The newest article for Mississippi History Now is now available online. “Burnita Shelton Matthews: Suffragist, Feminist, & Judicial Pioneer,” was written by Kathanne (Kate) W. Greene, an associate professor of political science at University of Southern Mississippi. Dr. Greene has written extensively on the life and career of Judge Burnita Shelton Matthews. Some of her articles can be found in Mississippi Women: Their Histories, Their Lives edited by Martha H. Swain, Elizabeth Anne Payne, and Marjorie Julian Spruill and in the Journal of Mississippi History, vol. 56, no. 3 (August 1994).
Burnita Shelton Matthews: Suffragist, Feminist, & Judicial Pioneer
On December 28, 1894, Burnita Shelton Matthews was born into an educated, civic-minded family, in Copiah County, Mississippi. Although she aspired from a very young age to pursue a legal career, her father insisted that she pursue the study and teaching of music which he believed was a more ladylike profession. Following her marriage to Percy A. Matthews, she taught music for a short while in Georgia before moving to Washington, D. C. to accept a job with the Veterans Administration. She strategically chose to live and work in Washington, D. C. so that she could pursue a law degree at one of the few law schools that would accept women at the time, the National University Law School. While in law school, Matthews became involved with the National Women’s Party’s suffrage movement. Upon graduation, she operated a legal practice in Washington, D. C., and she continued her work with the NWP as head of their Legal Research Department. In 1949, President Harry S. Truman nominated Matthews to the U. S. District Court for the District of Columbia. She became the first woman ever appointed to a federal trial court and only the second woman ever appointed to a federal constitutional court. After a long career on the bench, Matthews died of a stroke in 1988. Her headstone in the Shelton Family Cemetery in Copiah County marks her contribution to women in American society. Her epitaph notes that she was the first woman to become a U. S. district court judge and the “author of laws advancing the status of women.”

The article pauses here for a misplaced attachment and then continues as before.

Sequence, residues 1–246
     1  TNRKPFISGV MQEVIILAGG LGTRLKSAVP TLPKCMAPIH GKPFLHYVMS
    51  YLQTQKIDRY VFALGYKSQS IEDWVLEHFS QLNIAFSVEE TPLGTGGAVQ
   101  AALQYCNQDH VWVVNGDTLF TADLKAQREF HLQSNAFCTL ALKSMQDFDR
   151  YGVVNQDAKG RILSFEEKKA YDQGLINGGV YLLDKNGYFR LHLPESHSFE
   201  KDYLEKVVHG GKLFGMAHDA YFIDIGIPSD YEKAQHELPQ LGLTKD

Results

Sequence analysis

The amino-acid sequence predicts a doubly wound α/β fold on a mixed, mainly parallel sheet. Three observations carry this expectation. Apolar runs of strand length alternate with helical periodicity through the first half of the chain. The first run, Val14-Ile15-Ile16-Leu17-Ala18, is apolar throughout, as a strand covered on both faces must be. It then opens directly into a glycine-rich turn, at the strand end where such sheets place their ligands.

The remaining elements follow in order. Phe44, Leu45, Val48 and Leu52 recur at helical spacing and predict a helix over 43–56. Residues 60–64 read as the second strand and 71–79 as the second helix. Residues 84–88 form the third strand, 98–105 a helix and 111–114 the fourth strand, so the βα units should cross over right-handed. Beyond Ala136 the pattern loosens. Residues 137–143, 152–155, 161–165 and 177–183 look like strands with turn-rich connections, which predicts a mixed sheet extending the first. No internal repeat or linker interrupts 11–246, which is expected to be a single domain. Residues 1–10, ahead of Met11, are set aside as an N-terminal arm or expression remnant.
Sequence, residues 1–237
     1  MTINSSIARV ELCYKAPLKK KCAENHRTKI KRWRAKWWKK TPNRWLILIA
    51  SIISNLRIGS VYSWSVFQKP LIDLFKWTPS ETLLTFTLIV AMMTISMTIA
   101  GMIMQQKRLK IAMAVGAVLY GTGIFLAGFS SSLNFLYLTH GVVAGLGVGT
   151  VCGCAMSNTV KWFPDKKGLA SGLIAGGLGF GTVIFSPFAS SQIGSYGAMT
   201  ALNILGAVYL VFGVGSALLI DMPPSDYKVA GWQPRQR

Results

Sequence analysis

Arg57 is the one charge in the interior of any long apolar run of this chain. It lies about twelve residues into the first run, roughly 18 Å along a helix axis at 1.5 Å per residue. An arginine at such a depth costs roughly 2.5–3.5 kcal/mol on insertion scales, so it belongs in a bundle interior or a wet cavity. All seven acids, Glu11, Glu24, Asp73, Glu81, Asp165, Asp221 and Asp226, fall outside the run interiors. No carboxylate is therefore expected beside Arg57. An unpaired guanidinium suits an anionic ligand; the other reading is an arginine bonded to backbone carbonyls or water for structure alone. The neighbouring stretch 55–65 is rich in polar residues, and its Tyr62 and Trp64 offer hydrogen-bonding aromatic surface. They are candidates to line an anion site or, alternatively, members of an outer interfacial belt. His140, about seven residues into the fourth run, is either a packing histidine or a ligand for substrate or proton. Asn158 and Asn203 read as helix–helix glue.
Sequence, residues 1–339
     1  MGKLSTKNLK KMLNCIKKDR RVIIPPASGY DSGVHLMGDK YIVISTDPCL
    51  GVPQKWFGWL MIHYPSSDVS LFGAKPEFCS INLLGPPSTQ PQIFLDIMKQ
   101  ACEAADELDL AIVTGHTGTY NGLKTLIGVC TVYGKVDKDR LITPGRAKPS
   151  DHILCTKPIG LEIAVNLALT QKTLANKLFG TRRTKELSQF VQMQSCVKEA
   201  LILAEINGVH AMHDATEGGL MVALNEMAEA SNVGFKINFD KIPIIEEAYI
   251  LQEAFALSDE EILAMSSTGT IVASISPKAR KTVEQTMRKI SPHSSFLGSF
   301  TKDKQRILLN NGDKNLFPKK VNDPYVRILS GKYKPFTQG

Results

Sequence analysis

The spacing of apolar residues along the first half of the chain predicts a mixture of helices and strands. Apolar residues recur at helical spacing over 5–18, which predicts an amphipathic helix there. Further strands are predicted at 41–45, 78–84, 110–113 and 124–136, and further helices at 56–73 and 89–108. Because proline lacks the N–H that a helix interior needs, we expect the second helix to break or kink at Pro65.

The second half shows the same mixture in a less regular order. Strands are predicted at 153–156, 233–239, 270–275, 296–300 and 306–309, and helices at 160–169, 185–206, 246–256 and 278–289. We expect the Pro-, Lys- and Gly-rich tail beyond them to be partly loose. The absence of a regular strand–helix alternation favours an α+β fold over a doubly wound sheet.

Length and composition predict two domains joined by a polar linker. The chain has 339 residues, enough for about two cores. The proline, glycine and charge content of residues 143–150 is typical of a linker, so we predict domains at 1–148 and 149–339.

To read “Burnita Shelton Matthews: Suffragist, Feminist, & Judicial Pioneer,” go to http://mshistorynow.mdah.ms.gov/.
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Established in 2000, Mississippi History Now produces articles on various topics concerning Mississippi history, along with corresponding lesson plans. The publication is funded by donations from individuals and businesses, as well as grants from the Mississippi Humanities Council, the Mississippi Department of Archives and History (MDAH), and the Mississippi Historical Society. MDAH also provides the server and the webmaster for the site.